On a lighter note, Danielle from A Work in Progress showcases a memoir highlighting a love of Paris, New York, and all things sweet. Paris My Sweet: A Year in the City of Light (and Dark Chocolate) by Amy Thomas sounds like one of the best food memoirs since Ruth Reichl’s Tender at the Bone. Amy leaves Manhattan to take a job in Paris with Louis Vuitton. During her time there she explores all the sweet things the city has to offer and struggles with being torn between two great cities. I have long wanted to visit New York and I hope to see Paris next year when youngest is in Austria. Since I love to make desserts, this sounds like a perfect light hearted read.
Finally, when two of my favorite book bloggers love a book, I take notice. Jenny of Shelf Love writes:
…the overarching new story, of healing and change, is deeply powerful, and it’s so beautifully and sparely written that it almost comes as a surprise to find out how tense it is…”
And, from Eva of a Striped Armchair:
…then I picked it up, and found it was one of Those Books; the ones that I’ll always remember exactly how I was sitting as I began to read, and how I couldn’t quite catch my breath, and the mix of desire to turn the pages ever faster to find out what was going to happen next with the desire to slow down and reread every sentence because they were all so wonderful. One of Those Books that feel like sheer perfection, and that have me internally exulting: “This is why I read!”,
it immediately hits my radar. Then I come to find that the original recommendation comes from Gavin of Page247 and I am already sold. This is an unusual novel, tense, and at times angry, but it seems to be well worth the effort to read. Sherman Alexie calls it, “Ceremony is the greatest novel in Native American literature. It is one of the greatest novels of any time and place.” Tayo, a Laguna Pueblo Indian, returns from WWII, the Bataan Death March, and interment by the Japanese, as a damaged man who doesn’t quite fit seamlessly into the pueblo life. A medicine man talks to him about the power of stories, and the importance of being able to change our stories. He tells Tayo that the old rituals are not working for him because those rituals haven’t changed with the times. These are themes I grew up with (it is nice to have a mom who is a Jungian) so I am incredibly drawn to this book. I will leave you with a quote from the second page of the book as it seems so fitting for a weekend filled with bookish thoughts. Happy reading.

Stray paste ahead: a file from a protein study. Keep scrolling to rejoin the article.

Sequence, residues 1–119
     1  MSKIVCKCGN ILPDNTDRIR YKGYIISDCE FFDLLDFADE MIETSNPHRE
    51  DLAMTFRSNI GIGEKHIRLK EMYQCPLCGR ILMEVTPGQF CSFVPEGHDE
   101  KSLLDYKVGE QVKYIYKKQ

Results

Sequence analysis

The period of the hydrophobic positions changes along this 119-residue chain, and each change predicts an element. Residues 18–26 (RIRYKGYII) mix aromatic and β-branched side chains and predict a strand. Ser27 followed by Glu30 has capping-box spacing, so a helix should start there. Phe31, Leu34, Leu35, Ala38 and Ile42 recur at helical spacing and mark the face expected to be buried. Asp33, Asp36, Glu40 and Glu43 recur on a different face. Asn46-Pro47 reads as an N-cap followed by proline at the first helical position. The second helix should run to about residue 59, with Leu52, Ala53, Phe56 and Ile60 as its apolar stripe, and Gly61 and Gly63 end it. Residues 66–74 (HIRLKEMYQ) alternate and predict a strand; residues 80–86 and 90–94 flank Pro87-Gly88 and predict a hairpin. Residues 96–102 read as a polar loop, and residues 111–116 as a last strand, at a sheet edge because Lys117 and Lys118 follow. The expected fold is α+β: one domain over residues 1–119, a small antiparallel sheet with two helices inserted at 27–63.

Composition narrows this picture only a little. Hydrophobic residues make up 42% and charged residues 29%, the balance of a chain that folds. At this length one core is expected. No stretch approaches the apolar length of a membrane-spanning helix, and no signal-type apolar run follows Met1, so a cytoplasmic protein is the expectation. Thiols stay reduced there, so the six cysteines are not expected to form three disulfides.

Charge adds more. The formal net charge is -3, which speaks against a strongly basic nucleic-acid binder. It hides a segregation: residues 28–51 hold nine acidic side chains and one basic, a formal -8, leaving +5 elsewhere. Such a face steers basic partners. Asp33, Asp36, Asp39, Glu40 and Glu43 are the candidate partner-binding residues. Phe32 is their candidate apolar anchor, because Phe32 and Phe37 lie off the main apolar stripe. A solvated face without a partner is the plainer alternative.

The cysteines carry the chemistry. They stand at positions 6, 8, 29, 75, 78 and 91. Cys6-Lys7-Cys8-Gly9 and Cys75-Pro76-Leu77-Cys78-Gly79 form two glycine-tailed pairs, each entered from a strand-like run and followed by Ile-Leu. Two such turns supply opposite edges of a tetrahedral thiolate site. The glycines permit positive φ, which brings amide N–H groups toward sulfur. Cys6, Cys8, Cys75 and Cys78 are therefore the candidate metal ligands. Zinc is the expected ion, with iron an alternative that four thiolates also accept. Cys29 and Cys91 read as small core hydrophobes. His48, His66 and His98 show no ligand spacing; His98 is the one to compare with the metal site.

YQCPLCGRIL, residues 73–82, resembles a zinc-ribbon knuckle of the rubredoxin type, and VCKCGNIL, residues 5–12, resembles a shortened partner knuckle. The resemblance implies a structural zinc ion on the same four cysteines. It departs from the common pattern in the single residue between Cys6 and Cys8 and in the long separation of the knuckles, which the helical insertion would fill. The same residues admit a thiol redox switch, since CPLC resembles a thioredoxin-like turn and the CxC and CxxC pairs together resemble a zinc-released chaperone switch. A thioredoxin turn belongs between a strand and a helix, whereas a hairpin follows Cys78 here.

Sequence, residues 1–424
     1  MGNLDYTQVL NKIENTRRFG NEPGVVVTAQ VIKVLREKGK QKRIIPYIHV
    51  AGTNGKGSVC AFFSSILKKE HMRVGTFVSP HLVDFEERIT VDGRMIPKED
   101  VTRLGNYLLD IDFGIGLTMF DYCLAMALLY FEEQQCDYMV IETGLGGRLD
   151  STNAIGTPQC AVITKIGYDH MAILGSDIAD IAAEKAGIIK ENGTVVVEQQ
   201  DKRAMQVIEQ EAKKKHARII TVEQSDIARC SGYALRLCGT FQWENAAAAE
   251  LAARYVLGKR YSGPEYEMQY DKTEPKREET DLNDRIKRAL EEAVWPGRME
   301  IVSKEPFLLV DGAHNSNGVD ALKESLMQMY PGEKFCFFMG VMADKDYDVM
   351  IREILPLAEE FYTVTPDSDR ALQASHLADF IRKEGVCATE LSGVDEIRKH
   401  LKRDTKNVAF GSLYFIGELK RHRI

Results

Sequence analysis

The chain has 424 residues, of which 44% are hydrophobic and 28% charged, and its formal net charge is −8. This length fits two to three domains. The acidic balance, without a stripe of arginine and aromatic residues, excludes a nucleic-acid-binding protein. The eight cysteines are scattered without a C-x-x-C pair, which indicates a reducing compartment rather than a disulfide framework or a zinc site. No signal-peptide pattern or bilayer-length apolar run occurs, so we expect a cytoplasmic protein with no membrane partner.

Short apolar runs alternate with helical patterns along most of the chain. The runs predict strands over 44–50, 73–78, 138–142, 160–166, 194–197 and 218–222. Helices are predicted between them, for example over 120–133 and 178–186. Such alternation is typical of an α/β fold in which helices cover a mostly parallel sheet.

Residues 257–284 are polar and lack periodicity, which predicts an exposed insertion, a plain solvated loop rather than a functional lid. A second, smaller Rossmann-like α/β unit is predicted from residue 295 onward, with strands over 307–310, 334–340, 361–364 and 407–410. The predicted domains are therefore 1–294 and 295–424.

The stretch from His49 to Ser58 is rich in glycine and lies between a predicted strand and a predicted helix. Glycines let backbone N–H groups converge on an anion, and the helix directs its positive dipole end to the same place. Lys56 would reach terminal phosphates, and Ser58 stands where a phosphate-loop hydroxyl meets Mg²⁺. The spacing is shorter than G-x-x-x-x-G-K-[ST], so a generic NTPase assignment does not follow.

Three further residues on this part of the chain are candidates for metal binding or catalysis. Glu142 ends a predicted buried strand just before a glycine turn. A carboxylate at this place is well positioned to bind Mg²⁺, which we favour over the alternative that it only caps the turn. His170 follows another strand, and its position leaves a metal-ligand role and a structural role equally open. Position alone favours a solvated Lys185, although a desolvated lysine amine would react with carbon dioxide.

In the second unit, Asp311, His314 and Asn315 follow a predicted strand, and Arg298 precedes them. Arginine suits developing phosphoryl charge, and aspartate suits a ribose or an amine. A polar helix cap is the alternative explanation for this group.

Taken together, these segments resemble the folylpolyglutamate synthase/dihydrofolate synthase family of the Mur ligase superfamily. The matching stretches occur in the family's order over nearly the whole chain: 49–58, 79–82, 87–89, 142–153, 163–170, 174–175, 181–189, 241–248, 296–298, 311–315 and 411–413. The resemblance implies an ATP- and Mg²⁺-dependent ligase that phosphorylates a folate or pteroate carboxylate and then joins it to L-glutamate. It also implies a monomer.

I will tell you something about stories,
They aren’t just entertainment.
Don’t be fooled.
They are all we have, you see,
all we have to fight off
illness and death.
You don’t have anything
if you don’t have the stories.